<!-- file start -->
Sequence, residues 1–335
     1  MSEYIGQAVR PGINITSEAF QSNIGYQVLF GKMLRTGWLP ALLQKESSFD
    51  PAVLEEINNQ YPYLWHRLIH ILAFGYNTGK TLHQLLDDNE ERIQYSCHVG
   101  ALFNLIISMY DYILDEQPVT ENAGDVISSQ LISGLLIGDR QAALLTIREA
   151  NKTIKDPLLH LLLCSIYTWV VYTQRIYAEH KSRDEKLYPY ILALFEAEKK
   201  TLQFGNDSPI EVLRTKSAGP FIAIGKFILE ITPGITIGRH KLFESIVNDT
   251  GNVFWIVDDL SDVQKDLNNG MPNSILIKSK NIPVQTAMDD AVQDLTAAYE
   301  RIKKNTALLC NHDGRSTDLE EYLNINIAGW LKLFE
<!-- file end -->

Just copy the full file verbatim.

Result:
Sequence, residues 1–335
     1  MSEYIGQAVR PGINITSEAF QSNIGYQVLF GKMLRTGWLP ALLQKESSFD
    51  PAVLEEINNQ YPYLWHRLIH ILAFGYNTGK TLHQLLDDNE ERIQYSCHVG
   101  ALFNLIISMY DYILDEQPVT ENAGDVISSQ LISGLLIGDR QAALLTIREA
   151  NKTIKDPLLH LLLCSIYTWV VYTQRIYAEH KSRDEKLYPY ILALFEAEKK
   201  TLQFGNDSPI EVLRTKSAGP FIAIGKFILE ITPGITIGRH KLFESIVNDT
   251  GNVFWIVDDL SDVQKDLNNG MPNSILIKSK NIPVQTAMDD AVQDLTAAYE
   301  RIKKNTALLC NHDGRSTDLE EYLNINIAGW LKLFE